North Georgia gardens within USDA hardiness zones 7 and 8 have no problem growing plums. Several varieties of Japanese plums seem to grow best, including Methley, a sweet variety that ripens early in the season, or Morris, a fruit that is hard and sweet.
The plums that win for fresh eating are Spring Satins, Byrongolds, or Ruby Sweets. Those gardeners who enjoy eating green plums should consider Bruce Six Weeks, Robutso or Segundo as good choices.
The flowering of white or pink blossoms, accompanied by foliage sporting narrow, green leaves, makes plum blossoms a favorite early in the spring.
Once the blooms have faded, the grapes will begin to appear in the form of green fruits that reach about 2-3 inches in width once they are mature. It is not always possible to predict when plums will be ripe, but most of them mature from late July to August.
Plum trees grow better when planted in well-drained soil in an area with plenty of sunlight. As a rule of thumb, plum trees tend to be sterile, meaning that they cannot produce fruit without a second tree with which to pollinate them.
For this reason, gardeners need to plant two trees, or choose a self-pollinating tree if space is tight. The first year after trees are planted, they require heavy pruning to conform to their shape.
Geopride Plumcot Tree
A flavorful combination of an apricot and a plum tree, the Geoprince Plumcot Tree (Prunus x ‘Geo Pride’) is the perfect example of what they say, good things come in small packages! The best of both worlds, Geopride is beautiful and productive at the same time!
The skin is golden yellow and reddish-purple mottled, and the flesh is golden yellow! With the flavor of plums and apricots and its crisp texture, this is a truly amazing product.
Summer brings glossy and lush foliage to this petite tree. It’s the perfect setting for what’s to come! The mid-season harvest of this smaller tree provides a good yield of medium-sized fruit.
Candy Heart Pluerry™ Interspecific Plum Tree
It is a great combination of Japanese Plums and sweet Cherry fruits, and it forms heart-shaped candy-sweet fruits! Think about biting into a Cherry followed by a Plum – the taste and texture are the same, so imagine a Pluerry!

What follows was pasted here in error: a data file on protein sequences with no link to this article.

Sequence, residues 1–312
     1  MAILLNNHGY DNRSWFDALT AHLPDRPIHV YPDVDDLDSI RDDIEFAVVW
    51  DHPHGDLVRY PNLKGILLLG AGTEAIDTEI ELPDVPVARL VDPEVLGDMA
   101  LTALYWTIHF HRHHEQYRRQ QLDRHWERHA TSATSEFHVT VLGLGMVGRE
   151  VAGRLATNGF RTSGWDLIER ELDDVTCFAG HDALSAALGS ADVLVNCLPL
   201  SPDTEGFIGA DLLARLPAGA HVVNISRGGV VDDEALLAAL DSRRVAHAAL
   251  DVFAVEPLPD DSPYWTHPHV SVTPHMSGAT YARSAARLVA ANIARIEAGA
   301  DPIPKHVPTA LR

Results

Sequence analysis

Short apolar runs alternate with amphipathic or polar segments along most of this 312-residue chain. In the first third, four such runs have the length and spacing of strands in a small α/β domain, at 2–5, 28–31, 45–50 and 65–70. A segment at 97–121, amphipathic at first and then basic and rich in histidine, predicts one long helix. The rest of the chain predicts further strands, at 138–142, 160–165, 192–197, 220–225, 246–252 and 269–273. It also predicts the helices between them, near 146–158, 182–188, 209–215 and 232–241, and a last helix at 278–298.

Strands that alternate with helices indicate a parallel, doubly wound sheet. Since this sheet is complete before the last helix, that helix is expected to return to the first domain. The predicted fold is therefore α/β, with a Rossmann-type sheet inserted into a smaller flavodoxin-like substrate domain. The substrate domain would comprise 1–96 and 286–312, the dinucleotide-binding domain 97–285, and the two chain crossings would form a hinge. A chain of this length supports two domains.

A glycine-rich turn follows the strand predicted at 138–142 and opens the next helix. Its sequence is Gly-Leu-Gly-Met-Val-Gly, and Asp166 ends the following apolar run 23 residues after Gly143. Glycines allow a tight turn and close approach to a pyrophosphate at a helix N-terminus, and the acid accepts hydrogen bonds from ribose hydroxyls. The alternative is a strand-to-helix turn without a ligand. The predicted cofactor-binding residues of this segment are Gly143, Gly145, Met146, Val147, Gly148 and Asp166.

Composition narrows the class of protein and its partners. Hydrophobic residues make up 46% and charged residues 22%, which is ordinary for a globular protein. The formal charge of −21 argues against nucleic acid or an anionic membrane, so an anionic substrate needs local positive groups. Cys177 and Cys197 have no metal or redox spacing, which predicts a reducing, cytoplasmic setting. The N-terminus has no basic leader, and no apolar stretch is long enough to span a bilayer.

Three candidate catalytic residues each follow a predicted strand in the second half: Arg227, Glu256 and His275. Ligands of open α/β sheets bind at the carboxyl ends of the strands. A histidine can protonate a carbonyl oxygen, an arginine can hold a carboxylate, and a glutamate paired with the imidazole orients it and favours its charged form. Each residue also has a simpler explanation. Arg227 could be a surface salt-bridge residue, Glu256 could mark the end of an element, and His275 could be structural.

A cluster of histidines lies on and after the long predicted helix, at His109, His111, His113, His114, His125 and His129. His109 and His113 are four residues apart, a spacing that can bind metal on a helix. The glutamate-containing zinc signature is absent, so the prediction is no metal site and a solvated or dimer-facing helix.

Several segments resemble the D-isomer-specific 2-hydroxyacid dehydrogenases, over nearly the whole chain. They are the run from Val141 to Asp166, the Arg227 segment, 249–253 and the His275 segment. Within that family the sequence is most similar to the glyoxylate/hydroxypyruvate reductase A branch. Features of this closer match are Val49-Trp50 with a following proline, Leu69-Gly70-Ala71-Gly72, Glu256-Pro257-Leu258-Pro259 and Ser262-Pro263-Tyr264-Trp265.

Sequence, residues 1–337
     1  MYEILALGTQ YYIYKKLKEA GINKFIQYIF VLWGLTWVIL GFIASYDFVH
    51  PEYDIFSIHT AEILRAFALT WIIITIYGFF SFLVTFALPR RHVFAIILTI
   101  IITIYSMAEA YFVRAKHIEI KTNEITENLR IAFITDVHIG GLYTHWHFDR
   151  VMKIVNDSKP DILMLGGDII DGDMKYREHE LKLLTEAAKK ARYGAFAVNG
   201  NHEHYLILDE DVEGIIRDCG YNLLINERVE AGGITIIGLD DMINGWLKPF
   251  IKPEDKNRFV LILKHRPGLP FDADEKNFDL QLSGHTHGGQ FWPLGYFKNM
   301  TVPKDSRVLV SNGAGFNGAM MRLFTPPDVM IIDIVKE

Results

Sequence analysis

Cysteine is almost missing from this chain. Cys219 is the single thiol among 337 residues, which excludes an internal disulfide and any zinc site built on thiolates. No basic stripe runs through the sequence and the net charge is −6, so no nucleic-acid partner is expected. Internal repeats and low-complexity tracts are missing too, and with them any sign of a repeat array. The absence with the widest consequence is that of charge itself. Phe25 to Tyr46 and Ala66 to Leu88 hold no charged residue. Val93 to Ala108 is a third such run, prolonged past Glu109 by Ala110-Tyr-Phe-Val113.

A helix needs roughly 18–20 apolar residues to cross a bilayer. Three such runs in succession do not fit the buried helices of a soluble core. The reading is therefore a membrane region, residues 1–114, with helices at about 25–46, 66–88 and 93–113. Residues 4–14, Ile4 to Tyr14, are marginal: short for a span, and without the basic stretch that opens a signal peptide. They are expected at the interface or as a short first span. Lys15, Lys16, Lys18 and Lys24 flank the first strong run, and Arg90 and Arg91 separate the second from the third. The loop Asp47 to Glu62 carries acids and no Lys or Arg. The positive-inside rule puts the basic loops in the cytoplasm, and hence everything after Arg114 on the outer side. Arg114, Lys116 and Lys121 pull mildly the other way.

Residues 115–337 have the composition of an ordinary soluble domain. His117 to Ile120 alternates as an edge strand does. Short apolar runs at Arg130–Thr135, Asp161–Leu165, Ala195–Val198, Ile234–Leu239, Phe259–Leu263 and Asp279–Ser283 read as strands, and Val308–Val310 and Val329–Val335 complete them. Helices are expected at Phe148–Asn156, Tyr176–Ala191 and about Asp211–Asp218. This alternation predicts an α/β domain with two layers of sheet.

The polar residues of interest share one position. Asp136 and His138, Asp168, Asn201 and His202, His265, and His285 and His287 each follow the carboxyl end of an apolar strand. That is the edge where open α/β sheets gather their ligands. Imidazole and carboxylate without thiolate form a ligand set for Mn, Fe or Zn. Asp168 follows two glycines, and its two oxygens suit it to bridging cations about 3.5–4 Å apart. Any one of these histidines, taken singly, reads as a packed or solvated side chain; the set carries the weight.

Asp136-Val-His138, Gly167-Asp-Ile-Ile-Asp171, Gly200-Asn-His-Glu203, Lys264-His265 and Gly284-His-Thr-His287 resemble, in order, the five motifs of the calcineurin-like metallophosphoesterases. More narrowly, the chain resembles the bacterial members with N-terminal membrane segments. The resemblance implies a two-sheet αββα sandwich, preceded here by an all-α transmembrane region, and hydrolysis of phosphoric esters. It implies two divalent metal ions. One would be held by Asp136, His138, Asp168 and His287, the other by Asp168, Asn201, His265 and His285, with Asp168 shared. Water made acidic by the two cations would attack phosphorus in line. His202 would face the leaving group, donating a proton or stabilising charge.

The skin of this fruit is dark purple splotched with dark speckles. Despite its amber-red color, the flesh is sweet and slightly tart. You’ll understand why it is called a Candy Heart as soon as you cut one in half. A mouthwatering red flesh with golden highlights will take your breath away! It also forms an adorable heart shape when cut in half!
The Pluerries of this tree are tiny stone fruits that produce a huge amount of fruit!
Its size is slightly smaller than a golf ball, which makes it a perfect size for popping in your mouth, preserving into jams or jellies, or baking into pies.
Featuring a small pit that’s more like the pit of a Cherry rather than the pit of a Plum, these are a tasty treat for fruit lovers!
Superior Plum Trees
The hardy Superior Plum trees (Prunus hybrid ‘Superior’) range from American to Japanese plums naturally crossbred. Hardy to USDA hardiness zone 4, they are highly recommended for areas north of that.
Sub-freezing temperatures are no match for Superior Plum trees! A 8,000-foot altitude is also suitable for them.
Young trees begin producing when they are young. As spring turns to summer, you’ll be excited to see the harvest ripen.
Golden-yellow flesh covers the fire engine red exterior of the large fruit. Those classic Plums will delight you with their rich flavor.
We can assure you that nothing tastes better than a plum fresh from your tree. The apples are delicious straight from the tree, still warm from the sun and tree-ripe. In addition to jams, jellies, and desserts, they’ll also make their own jam.
Bruce Plum Tree
You should try the tasty Bruce Plum Tree (Prunus salicina x angustifolia ‘Bruce’) if you live in a low lying area where it is hot, dry, and frosty sometimes. A.L. Bruce of Donley, Texas introduced this American hybrid in 1921 and it has since become one of the toughest and easiest-to-grow plums available for home growers.
An Abundance plum (which Luther Burbank introduced in 1888) crossed with Chickasaw plums from North America, Bruce is a hybrid. It is a tree that combines the best qualities of both its parents.
Even when the heat is dry in the West and humid in the South, Bruce Plum is a champ. Low lying areas can be frosty from time to time without a problem.
Flavor Queen Pluot®
This Flavor Queen Pluot tree will provide you with fresh, yummy Pluot fruits. Pluots, with greenish-yellow skins and amber flesh, are known for their sweet flavor and prolific fruit production. Isn’t that the best part? The plum fruit combines the best of apricots and plums!
A semi-dwarf tree that blooms with beautiful flowers from March to April, this beauty features green foliage. Ripens in July and produces 50 lbs of fruit. It is full of delicious Pluots.
Enjoy the fruits of the late summer harvest by making jelly and jam or eating them fresh. As well as salads and baked goods, you can include them in your recipes.
Mount St. Helens® Plum Tree
Mount St. Helen’s Plums are noted for their small, light pink flowers and purple foliage that lasts through the summer. In comparison to other trees of this species, it is hardier and more compact, which makes it ideal for growing in small spaces or in harsh weather conditions.
In mid-summer, Mount St. Helens produces juicy plums despite its aesthetic beauty. A popular focal point, Mount St. Helens is gorgeous in spring with fragrant flowers, purple leaves in the summer, and wine-colored foliage in the fall.